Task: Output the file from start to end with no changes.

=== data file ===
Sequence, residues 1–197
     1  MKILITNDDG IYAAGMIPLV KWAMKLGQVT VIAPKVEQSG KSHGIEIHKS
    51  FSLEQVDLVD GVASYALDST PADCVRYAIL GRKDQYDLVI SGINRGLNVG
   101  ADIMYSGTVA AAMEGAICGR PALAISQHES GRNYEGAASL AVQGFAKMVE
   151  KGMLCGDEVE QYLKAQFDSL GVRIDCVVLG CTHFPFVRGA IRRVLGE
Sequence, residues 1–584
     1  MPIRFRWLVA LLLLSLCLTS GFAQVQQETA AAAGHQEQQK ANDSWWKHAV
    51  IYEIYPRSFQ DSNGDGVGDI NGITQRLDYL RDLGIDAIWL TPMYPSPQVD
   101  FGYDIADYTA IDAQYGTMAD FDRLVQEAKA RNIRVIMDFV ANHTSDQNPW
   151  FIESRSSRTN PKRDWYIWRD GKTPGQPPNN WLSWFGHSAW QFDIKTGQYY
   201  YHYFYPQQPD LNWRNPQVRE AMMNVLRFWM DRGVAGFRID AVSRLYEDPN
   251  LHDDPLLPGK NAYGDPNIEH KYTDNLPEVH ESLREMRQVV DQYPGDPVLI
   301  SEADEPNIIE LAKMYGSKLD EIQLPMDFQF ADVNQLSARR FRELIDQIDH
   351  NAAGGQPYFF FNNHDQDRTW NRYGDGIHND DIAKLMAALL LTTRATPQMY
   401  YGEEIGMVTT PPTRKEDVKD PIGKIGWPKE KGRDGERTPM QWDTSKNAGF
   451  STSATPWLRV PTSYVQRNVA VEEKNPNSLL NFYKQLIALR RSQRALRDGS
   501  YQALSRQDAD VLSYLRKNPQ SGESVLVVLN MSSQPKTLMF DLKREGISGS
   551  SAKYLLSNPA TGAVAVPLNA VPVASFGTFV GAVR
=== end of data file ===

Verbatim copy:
Sequence, residues 1–197
     1  MKILITNDDG IYAAGMIPLV KWAMKLGQVT VIAPKVEQSG KSHGIEIHKS
    51  FSLEQVDLVD GVASYALDST PADCVRYAIL GRKDQYDLVI SGINRGLNVG
   101  ADIMYSGTVA AAMEGAICGR PALAISQHES GRNYEGAASL AVQGFAKMVE
   151  KGMLCGDEVE QYLKAQFDSL GVRIDCVVLG CTHFPFVRGA IRRVLGE
Sequence, residues 1–584
     1  MPIRFRWLVA LLLLSLCLTS GFAQVQQETA AAAGHQEQQK ANDSWWKHAV
    51  IYEIYPRSFQ DSNGDGVGDI NGITQRLDYL RDLGIDAIWL TPMYPSPQVD
   101  FGYDIADYTA IDAQYGTMAD FDRLVQEAKA RNIRVIMDFV ANHTSDQNPW
   151  FIESRSSRTN PKRDWYIWRD GKTPGQPPNN WLSWFGHSAW QFDIKTGQYY
   201  YHYFYPQQPD LNWRNPQVRE AMMNVLRFWM DRGVAGFRID AVSRLYEDPN
   251  LHDDPLLPGK NAYGDPNIEH KYTDNLPEVH ESLREMRQVV DQYPGDPVLI
   301  SEADEPNIIE LAKMYGSKLD EIQLPMDFQF ADVNQLSARR FRELIDQIDH
   351  NAAGGQPYFF FNNHDQDRTW NRYGDGIHND DIAKLMAALL LTTRATPQMY
   401  YGEEIGMVTT PPTRKEDVKD PIGKIGWPKE KGRDGERTPM QWDTSKNAGF
   451  STSATPWLRV PTSYVQRNVA VEEKNPNSLL NFYKQLIALR RSQRALRDGS
   501  YQALSRQDAD VLSYLRKNPQ SGESVLVVLN MSSQPKTLMF DLKREGISGS
   551  SAKYLLSNPA TGAVAVPLNA VPVASFGTFV GAVR